India has just announced that its annual Malabar exercises with the other quad navies, normally held in the Bay of Bengal and Arabian Sea, will be transferred to the Western Pacific this year. Its four participating warships will also conduct bilateral exercises with Vietnam, the Philippines, Singapore and Indonesia in the South China Sea and other regional waters.
This is unlikely to lead to a prolonged Indian naval presence in the South China Sea. Instead, Quad’s other partners will work to strengthen India’s maritime control in the northeastern corner of the Indian Ocean while seeking other ways to bolster India’s might.
Although India’s trade with China has reached record levels, New Delhi has blocked some Chinese high-tech investments and imposed a silent ban on Chinese firm Huawei Technologies.
Foreign Minister Subrahmanyam Jaishankar carried out a radical restructuring of the ministry, occupying the most senior positions with experienced officers in Washington and Beijing instead of the previously favored diplomats who were stationed in Moscow. One of the results is that New Delhi has become less suspicious of the post-war US-led international order and less obstructionist in multilateral settings.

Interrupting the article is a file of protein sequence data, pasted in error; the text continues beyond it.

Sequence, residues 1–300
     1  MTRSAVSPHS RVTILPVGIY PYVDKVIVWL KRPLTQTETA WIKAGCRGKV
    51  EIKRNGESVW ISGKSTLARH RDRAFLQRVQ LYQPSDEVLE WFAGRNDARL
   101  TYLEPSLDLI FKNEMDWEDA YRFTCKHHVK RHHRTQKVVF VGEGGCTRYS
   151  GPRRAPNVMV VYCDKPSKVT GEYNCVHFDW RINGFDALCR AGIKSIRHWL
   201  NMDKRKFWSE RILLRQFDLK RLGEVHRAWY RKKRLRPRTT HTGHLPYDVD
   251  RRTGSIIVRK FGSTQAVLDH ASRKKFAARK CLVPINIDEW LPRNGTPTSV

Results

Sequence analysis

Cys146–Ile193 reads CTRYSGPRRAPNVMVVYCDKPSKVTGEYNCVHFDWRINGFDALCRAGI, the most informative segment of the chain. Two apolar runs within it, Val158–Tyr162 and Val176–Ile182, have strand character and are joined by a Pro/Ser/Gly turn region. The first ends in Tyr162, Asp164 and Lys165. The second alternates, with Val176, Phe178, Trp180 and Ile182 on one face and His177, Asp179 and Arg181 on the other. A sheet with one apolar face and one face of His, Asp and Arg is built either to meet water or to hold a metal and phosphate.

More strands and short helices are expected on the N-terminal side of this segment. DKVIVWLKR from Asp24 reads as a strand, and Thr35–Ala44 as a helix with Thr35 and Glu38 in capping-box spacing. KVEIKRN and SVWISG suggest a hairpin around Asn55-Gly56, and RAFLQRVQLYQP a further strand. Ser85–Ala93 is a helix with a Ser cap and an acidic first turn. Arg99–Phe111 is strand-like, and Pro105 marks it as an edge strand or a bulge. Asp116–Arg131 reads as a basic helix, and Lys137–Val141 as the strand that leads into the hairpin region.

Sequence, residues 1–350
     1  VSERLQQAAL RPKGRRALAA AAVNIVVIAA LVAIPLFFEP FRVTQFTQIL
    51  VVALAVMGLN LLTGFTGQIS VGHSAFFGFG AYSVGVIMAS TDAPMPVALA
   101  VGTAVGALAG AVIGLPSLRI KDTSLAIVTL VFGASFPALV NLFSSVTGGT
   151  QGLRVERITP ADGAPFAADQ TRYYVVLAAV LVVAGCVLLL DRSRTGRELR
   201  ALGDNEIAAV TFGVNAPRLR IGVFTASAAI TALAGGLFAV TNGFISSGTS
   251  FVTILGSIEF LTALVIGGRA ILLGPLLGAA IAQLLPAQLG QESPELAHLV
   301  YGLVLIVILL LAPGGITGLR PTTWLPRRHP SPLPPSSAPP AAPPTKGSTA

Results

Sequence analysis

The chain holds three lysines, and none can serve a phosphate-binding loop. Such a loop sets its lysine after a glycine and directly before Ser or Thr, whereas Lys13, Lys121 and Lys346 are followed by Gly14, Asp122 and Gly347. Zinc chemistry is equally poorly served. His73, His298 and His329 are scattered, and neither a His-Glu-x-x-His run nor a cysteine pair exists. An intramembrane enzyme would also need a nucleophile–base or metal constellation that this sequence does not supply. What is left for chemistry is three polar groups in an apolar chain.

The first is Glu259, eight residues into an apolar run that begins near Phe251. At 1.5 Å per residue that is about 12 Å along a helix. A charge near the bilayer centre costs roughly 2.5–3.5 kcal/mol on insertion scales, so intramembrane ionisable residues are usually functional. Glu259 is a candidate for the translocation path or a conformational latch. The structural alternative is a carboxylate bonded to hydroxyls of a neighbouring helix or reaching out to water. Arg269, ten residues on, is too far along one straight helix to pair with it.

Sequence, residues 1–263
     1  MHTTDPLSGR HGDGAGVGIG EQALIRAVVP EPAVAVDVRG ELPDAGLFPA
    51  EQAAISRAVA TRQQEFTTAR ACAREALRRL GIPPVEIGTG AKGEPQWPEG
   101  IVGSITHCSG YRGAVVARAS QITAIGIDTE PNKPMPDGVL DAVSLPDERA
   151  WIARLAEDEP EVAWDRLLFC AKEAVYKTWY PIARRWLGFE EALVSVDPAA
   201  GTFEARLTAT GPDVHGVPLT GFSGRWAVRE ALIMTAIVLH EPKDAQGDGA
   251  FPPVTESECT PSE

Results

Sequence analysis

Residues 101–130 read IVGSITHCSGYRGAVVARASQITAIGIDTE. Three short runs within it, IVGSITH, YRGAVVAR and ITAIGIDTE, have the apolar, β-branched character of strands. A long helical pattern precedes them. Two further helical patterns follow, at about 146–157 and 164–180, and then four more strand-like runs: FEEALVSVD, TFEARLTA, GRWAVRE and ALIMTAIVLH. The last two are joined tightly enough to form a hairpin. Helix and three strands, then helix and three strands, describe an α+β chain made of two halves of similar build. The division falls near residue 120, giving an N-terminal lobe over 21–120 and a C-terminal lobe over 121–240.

But expectations regarding India’s role among its Quad partners may be ahead of reality. New Delhi values its strategic autonomy and will continue to maintain other relations, including with countries hostile to the United States.
The use of cheaper Russian weapons is considered a restriction on Quad military interoperability. But if the Quad is really just a dialogue, not an alliance, it might be better to accept the Russian military connection, however unwanted it may be. If India remains a good defense client with Moscow, it will help balance Russia’s relationship with China.
India’s relatively warm relations with Iran, Central Asia and Myanmar become increasingly important as Afghanistan’s neighbors tackle the withdrawal of US forces and the world deals with the takeover Myanmar military. India is also offering Africa alternative partnerships to China to the extent that its more limited funds allow.
A quadrilateral has four corners. Like Japan and Australia, India has its own web of relationships which can be a force multiplier in its soft and hard power.
However, India’s commitment to diversity and freedom of expression under Modi’s leadership raises growing concerns, with increased harassment of the large Muslim population and attacks on press freedom. . The result is that India has become less of a democratic beacon, reducing its ideological contrast with China. In New Delhi, Blinken made a point of meeting with civil society leaders to stress that the United States is monitoring.
Like Chinese President Xi Jinping, Modi can look back on millennia of civilizational greatness. But it would be unwise for him to follow Xi in narrowing definitions of national culture and identity, or dismissing institutions of accountability. Pluralism and liberalism have put India ahead in the competition that matters, and it should remain so.